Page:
EFFECTS OF ORGAN DONATION
FACTS ABOUT ORGAN DONATION
* Like any surgery, after the donation procedure, the wound is closed and no visible mark is present as a tell-tale sign of the surgery. * The organs are removed only after the patient is declared brain dead and within 12 to 24 hours, the organs are removed for transplantation. * The success rate of organ transplantation on an average is between 75% to 85%. * Kidney, lungs, heart, skin, pancreas, liver, bones, eyes and intestines etc. can be donated. The donor family doesn't have to bear the cost of the surgery. * Anyone from a newborn to a 65 year old can donate their organs. Up to 95% of eye donation receivers can see again. * According to the U.S. Department of Health and Human Services, over 90,000 people wait for a new organ and close to 20 people die on an average, due to non availability of the organs. * People also worry that in case of a medical emergency, the surgeons won't do their best to save their life if they are registered as organ donors. This is not true as the staff for organ donations is completely different and surgeons don't consider any life as expendable.
PROS AND CONS
PROS OF ORGAN DONATIONS:
Of course, it’s obvious that donating organs to those in need will save their lives. If you can save someone from dying, then of course most of us would see this as a highly positive thing.
According to the US Department of Health and Human Services, for every one organ or tissue donor, over 50 lives can be saved or improved. Not only does organ donation affect the lives of the recipient, but also that of the donor and his family. Preserving another’s life can be extremely fulfilling emotionally and may help with individual coping.
Becoming an organ donor can greatly impact the lives of the donor and the recipient, as well as their families. Understanding the vast amount of organs that can be donated can help encourage someone to become an organ donor, whether it be live or post-mortem.
CONS OF ORGAN DONATIONS:
Reasons against organ donation vary a lot depending on the individual.
One of the cons is that before the donation surgery can begin, a family member has to sanction the approval, so it is best to have your family on the same wavelength as yours in this issue.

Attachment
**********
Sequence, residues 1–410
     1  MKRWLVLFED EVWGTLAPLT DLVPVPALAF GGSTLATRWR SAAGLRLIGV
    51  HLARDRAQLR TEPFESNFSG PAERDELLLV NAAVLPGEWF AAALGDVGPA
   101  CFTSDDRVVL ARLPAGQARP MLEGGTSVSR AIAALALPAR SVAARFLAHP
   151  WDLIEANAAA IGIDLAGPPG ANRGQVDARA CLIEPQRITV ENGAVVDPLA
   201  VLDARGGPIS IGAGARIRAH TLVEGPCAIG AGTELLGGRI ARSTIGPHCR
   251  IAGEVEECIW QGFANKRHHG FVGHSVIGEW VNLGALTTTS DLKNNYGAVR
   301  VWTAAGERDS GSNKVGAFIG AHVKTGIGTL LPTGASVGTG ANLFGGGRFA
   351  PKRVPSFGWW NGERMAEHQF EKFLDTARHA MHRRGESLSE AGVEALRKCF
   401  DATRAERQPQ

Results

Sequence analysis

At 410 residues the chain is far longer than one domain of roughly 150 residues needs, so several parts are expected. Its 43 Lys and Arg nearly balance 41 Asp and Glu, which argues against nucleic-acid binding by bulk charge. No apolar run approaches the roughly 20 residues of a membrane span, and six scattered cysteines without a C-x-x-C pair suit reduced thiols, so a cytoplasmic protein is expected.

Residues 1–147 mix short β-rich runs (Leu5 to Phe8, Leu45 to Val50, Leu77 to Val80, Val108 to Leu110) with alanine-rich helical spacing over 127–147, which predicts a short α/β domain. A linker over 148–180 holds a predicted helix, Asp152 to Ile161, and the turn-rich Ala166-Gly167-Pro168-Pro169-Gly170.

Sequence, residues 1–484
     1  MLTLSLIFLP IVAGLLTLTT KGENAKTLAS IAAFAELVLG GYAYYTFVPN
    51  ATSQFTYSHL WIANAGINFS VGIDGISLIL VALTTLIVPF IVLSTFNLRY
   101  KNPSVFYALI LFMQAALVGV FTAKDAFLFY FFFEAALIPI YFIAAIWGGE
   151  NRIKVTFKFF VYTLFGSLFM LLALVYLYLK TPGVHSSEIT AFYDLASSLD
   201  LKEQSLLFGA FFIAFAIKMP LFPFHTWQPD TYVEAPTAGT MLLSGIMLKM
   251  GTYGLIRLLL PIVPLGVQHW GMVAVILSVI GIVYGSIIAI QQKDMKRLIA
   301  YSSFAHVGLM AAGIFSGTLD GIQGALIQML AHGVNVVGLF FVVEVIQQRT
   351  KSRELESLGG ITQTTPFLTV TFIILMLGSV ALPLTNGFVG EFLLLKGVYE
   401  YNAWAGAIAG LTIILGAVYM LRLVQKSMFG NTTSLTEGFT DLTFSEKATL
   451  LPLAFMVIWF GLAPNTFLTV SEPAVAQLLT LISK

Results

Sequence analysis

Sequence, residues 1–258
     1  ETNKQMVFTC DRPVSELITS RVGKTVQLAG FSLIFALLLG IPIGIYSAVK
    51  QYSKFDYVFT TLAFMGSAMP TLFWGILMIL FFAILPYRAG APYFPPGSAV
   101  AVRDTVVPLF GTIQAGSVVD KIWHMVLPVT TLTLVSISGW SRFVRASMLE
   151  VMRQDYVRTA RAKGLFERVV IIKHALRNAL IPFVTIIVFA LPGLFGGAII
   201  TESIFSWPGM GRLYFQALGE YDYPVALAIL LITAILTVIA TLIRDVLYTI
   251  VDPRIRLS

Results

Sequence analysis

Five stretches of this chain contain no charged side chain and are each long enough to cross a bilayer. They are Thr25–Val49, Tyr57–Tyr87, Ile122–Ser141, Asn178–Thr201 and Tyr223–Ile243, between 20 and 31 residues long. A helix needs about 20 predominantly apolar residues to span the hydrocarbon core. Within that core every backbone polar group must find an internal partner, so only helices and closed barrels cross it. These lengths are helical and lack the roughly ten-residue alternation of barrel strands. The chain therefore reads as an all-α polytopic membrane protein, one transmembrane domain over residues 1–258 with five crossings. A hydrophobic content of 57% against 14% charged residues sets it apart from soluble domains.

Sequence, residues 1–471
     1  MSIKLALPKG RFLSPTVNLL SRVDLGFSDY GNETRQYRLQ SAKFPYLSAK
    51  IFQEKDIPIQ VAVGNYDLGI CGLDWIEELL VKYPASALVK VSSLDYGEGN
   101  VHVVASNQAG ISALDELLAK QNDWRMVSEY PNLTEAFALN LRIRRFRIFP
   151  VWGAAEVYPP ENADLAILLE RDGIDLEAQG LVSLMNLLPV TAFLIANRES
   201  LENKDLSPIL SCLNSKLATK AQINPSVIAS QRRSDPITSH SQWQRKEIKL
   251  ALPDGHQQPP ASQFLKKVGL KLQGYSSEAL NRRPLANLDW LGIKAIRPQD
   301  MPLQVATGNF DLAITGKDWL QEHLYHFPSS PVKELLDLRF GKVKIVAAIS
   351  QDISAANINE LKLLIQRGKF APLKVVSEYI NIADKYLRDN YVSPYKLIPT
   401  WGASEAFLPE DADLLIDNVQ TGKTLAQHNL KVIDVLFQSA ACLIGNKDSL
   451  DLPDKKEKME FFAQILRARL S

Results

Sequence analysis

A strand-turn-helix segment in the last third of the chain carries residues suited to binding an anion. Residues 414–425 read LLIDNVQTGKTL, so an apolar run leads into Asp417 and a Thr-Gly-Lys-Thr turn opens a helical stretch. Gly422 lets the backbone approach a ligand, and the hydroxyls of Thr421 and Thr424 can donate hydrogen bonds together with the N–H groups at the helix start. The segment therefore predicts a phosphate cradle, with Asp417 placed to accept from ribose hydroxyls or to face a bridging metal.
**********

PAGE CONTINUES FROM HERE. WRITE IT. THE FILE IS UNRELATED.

Another negative aspect of organ transplants is disparity in the number of people donating organs and the number of people who need the transplant. It is said that 1 in 4 people receive the organs in time.
However many of the perceived 'cons' of organ donation are not in fact cons at all, but rather are based on misconceptions. For instance many individuals incorrectly believe that if they donate organs that they or their family will then need to fund the cost of the operation used to remove the organ. This is a fallacy, and in fact all costs will fall to the recipient.
At the same time many people avoid becoming organ donors as they are afraid it will affect their own medical treatment – i.e. they believe that doctors and surgeons might not try to the best of their ability to save them when they find out they are donors. However this again is a fallacy as the surgeons involved in donations are completely different from those who are going to be saving you. To them no one life is more important than another and they are of course going to focus on saving the person in front of them.
Organs are often not well tested, so if you have something like aids, the organ will be used, and the person you donate to will probably get the virus passed on too.
Rich or important people tend to get priority on the organs, so if you donate via the normal way, your organ will go to those people (and the companies that make money harvesting/selling organs from dead bodies).
A user typed a comment in Yahoo! Answers :
I have known a few examples of this personally, but if you get almost fatally injured in an accident, you are signed up as an organ...
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